The "Moor Canal with Birch Trees in Spring" depicts a typical Worpsweder landscape: the expansive overarching sky, beneath which lies an open, flat countryside, leavened only by a few bright birch trees and narrow canals, their banks covered with blossoming cotton grass. Our gaze is guided along the water towards the horizon, and we can almost smell the clear country air and feel the gentle breeze. Tiny figures are dotted across the landscape in the far distance, a few spots of colour adumbrating human dwellings. The tranquil scene is dominated by the power of nature, upon which civilisation has left its indelible marks; the arrow-straight irrigation canals with the narrow bridge and the stacks of peat sods are the work of man, who has subordinated himself to nature.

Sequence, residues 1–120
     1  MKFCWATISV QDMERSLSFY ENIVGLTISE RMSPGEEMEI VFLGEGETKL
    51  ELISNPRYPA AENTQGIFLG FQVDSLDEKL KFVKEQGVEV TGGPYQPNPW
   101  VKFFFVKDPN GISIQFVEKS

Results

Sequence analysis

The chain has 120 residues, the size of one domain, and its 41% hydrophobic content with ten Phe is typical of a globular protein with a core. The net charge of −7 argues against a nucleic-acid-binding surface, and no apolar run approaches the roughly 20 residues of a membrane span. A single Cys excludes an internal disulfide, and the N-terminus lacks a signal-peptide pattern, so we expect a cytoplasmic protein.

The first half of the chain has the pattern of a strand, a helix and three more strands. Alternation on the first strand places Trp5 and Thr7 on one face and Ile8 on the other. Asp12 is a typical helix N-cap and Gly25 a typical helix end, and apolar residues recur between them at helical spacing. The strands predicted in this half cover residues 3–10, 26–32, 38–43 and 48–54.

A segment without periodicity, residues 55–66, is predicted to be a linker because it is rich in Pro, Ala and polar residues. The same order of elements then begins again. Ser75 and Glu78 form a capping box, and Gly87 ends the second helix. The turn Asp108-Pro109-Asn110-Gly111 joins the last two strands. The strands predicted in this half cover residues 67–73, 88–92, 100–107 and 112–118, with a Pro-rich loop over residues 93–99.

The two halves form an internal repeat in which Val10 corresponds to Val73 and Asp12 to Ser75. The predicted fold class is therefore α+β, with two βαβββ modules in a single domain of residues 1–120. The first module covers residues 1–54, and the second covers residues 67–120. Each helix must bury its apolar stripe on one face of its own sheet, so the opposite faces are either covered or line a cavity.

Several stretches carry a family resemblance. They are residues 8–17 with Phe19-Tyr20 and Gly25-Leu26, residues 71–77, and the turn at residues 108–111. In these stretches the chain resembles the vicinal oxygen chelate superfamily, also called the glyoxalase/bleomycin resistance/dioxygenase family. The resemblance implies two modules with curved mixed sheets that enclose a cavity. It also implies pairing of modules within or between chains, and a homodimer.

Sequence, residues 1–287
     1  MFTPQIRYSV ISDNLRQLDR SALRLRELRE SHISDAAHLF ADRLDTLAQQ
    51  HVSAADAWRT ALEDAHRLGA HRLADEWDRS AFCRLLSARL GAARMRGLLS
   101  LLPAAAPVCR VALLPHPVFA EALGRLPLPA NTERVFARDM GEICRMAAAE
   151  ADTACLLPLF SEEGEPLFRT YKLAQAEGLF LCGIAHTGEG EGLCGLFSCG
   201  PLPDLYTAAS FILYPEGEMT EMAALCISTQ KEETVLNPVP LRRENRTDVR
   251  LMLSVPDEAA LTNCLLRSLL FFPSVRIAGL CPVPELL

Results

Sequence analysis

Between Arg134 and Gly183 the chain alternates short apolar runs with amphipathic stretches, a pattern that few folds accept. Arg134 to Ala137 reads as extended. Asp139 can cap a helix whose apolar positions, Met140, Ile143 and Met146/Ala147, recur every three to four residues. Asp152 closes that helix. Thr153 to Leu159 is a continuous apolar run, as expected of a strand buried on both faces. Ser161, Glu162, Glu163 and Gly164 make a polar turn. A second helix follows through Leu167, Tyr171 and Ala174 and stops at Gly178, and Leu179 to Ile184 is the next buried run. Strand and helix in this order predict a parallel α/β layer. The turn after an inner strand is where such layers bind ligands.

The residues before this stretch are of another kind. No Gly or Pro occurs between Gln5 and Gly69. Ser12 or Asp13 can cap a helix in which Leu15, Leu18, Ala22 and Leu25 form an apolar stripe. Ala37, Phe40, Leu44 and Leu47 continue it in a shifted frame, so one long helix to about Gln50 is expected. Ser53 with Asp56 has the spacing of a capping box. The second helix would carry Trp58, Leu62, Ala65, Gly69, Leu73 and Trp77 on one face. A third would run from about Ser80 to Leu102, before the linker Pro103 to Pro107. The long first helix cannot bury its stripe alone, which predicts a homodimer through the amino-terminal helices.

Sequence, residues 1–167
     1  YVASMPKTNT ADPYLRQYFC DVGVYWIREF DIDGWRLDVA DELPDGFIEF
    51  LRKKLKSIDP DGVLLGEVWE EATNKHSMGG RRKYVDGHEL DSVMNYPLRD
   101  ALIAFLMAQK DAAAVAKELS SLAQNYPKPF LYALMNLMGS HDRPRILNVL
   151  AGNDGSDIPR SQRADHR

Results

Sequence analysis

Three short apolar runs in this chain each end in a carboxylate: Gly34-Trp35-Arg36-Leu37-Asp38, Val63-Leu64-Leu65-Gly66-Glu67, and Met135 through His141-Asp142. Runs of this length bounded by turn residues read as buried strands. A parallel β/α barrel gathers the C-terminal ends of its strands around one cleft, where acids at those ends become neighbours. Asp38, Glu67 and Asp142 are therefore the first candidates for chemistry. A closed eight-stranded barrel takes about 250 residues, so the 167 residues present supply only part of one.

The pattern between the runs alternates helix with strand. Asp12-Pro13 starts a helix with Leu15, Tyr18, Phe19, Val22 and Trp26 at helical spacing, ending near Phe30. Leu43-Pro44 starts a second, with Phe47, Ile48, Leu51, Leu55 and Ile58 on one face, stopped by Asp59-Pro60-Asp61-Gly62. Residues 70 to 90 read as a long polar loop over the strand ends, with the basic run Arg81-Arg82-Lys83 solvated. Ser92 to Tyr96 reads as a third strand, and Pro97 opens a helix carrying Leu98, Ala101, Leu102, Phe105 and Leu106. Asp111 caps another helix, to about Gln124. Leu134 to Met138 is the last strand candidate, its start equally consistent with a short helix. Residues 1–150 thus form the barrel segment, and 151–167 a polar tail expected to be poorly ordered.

This poem by Hermann Löns "All the Birches Are Blossoming" from 1911, encapsulates beautifully the atmosphere of this serene moor landscape:
The birch trees are all in blossom,
Every bramble bush glitters like gold.
All the heather larks are singing for joy,
Every black cock is clucking and frolicking.
My eyes are darting back and forth,
From the black, white fluffy moor,
To the brown and verdant sea of heather.
They peer up at the heavens.
To the blue canopy above,
As light as a tuft of cotton grass.
And my heart, it sings a lilting melody,
Which floats up to the heavens.
A soft song, a silent song,
A song as delicate and gentle
As the wisps of cloud,
Sweeping across the blue firmament,
Like a flock of cotton grass in the wind.
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